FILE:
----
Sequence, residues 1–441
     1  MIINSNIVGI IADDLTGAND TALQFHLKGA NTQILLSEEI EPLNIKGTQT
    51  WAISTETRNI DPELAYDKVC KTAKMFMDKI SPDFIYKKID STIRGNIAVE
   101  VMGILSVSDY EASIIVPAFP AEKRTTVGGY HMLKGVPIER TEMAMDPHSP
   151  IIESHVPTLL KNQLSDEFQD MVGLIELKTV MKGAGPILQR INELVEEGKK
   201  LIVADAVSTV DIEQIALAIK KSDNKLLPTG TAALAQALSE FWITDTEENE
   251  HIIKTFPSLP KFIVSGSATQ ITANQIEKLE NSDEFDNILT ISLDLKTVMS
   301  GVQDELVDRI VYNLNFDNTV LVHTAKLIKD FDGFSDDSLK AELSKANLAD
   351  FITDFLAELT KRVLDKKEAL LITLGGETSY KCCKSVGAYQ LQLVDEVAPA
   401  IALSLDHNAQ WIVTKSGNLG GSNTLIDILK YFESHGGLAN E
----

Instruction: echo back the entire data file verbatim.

Sequence, residues 1–441
     1  MIINSNIVGI IADDLTGAND TALQFHLKGA NTQILLSEEI EPLNIKGTQT
    51  WAISTETRNI DPELAYDKVC KTAKMFMDKI SPDFIYKKID STIRGNIAVE
   101  VMGILSVSDY EASIIVPAFP AEKRTTVGGY HMLKGVPIER TEMAMDPHSP
   151  IIESHVPTLL KNQLSDEFQD MVGLIELKTV MKGAGPILQR INELVEEGKK
   201  LIVADAVSTV DIEQIALAIK KSDNKLLPTG TAALAQALSE FWITDTEENE
   251  HIIKTFPSLP KFIVSGSATQ ITANQIEKLE NSDEFDNILT ISLDLKTVMS
   301  GVQDELVDRI VYNLNFDNTV LVHTAKLIKD FDGFSDDSLK AELSKANLAD
   351  FITDFLAELT KRVLDKKEAL LITLGGETSY KCCKSVGAYQ LQLVDEVAPA
   401  IALSLDHNAQ WIVTKSGNLG GSNTLIDILK YFESHGGLAN E